TRAILHOUND CASE STUDY
TrailHound is a machine learning outdoor exploration app that recommends areas to you based on your unique preferences. The more you use the app, the more accurate the recommended trails become.View Figma Protoype
Most hiking and outdoor apps are designed for avid hikers. This approach to designing for hiking apps alienates users who just want to go for a walk or connect with nature for the first time.
A hiking app that learns about you the more you use it. Not everyone is going to need the same things out of an app. Utilizing the same machine learning as apps like Netflix and UberEats, TrailHound learns about its users and shows them trails they would enjoy.
I created a survey and asked people who enjoy hiking or would like to go hiking to fill it out. One of the most insightful questions I asked users was
“What feature would you most like to see in a hiking app?”
INFO & RULES
The most requested feature was a traffic gauge. Users wanted to know how busy each trail was at any given time. The second most requested feature was a danger alert system, which would inform users about potential safety issues like a broken bridge.
I found these were interesting choices, as things like a rating or review system and trail rules were ranked relatively low.
The least wanted feature was to locate nearby trails, suggesting users didn’t really care about the convenience and were willing to go out of their way to visit an area that met their needs.
Following up with participants, I learned the reasons for the choices in features. First, the traffic gauge. They wanted the peace and quiet of nature and stated this as one of their main reasons for hiking in the first place. If the trail is too busy, the serenity of the forest is lost. Second, users were worried about social distancing. They didn’t want to be in close contact with other hikers and would much rather choose an empty path.
The danger alert system, being the second highest requested feature, was also chosen by quite a few people. When talking about this with those that I interviewed, the reasons were obvious. Not everyone is an experienced outdoorsman. In an app designed for novice hikers, it makes sense to steer users away from things that they aren’t equipped for, such as wild animals, flooding or a broken path.
I also asked about my hypothesis on why users didn’t care about locating trails closer to them. The interviewed participants confirmed that they would rather go further to get to a better trail, and expected the app wouldn’t show them an area absurdly far anyways. Compared to the other features, it wasn’t as useful or necessary to just have a map of trails, which could be obtained on any other app.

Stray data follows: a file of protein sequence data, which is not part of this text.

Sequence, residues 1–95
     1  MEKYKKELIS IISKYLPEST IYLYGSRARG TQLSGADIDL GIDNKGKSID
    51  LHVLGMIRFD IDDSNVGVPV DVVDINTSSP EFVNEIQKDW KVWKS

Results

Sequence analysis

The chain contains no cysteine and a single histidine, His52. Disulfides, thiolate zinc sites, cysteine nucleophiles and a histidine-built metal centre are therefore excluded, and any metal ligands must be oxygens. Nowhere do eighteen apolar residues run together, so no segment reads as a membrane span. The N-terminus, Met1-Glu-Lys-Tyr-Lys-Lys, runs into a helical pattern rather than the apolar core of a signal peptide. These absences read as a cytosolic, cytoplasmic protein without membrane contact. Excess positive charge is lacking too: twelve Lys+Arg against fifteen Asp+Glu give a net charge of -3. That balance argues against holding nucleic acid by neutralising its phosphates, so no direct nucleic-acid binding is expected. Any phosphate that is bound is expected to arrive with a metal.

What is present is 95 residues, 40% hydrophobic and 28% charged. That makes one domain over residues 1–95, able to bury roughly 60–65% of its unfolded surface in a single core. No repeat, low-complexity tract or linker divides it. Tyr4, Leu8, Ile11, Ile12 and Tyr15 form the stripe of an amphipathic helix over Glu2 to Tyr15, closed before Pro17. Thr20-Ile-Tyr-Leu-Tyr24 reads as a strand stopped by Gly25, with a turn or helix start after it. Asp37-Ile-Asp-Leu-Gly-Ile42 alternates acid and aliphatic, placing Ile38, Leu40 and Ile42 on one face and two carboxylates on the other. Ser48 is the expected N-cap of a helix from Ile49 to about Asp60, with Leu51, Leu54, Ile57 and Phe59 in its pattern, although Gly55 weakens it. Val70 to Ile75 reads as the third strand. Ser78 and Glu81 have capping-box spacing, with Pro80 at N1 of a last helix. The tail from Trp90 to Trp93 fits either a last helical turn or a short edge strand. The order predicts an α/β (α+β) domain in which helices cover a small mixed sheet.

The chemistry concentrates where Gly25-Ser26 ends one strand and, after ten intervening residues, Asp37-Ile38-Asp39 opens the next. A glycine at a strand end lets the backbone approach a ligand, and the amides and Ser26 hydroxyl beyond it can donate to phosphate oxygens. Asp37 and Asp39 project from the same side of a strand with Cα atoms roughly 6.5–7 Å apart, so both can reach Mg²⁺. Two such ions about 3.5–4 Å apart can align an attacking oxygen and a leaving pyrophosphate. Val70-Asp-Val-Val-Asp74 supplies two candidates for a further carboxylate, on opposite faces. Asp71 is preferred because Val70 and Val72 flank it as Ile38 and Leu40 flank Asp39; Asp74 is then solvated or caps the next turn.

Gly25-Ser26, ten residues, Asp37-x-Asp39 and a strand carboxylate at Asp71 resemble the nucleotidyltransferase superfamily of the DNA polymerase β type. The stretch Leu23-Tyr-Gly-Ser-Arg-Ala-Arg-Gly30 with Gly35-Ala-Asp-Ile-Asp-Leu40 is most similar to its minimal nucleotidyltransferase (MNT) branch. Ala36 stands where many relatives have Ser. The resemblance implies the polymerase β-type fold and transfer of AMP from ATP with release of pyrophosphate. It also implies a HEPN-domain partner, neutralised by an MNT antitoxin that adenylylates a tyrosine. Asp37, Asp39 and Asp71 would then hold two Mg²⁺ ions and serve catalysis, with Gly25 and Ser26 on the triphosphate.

AllTrails is one of the most popular hiking apps on the app store. It is a nicely designed app that shows users trails based on categories such as popular, nearby or dog-friendly. It also has a very unique feature that allows the hiker to record and create their own trail if it is not available on the app.
Unfortunately this feature was inaccurate and I found several user-created recordings that were not linked to the correct location.
I really liked the idea of Strava. It combined the connectivity of social media by allowing users to create their own profile, share their activity and even compete in challenges.
The reason this app does not work for me in practice comes down to safety. By creating an account, I could see any user’s profile. I could view their photos, where they had been with exact GPS location and date and time. I was easily able to find people near me who had a routine and predict exactly when they would next be at a specific area.
For these reasons, I didn’t think including a social media aspect was a great idea, but I still explored it through the project.
Gaia was the most simple app I evaluated. I was surprised when signing up, it did let me customize my needs and preferences.
My excitement quickly evaporated when I made it to the main portion of the app, seeing that my customizations had not done much. I was shown all the same places I had been on the other two apps, in a proximity based order. It was also a very confusing app, with a lack of hierarchy and didn’t seem to do anything more specific to hiking than an app like google maps could.
With Sadie selected as my persona I thought about a few user stories for her.
As a new user I want to save my needs so that I can personalize my feed.
As a casual hiker I want to view alerts so that I can stay safe.
As a nature lover I want to locate interesting trails so that I can explore.
Having narrowed down the needs and wants of the users, I used Sadie to create a flow illustrating how a typical hike might work.
I was happy with this flow and after getting some feedback, was confident it made sense. With this as my base, I created a sitemap to decide which screens were necessary for the flow to work correctly.
I mapped out a lot of features that a finished version of this app would require, but for this project I mainly wanted to explore the features that were requested in the research phase. I highlighted the necessary features to make the process quicker.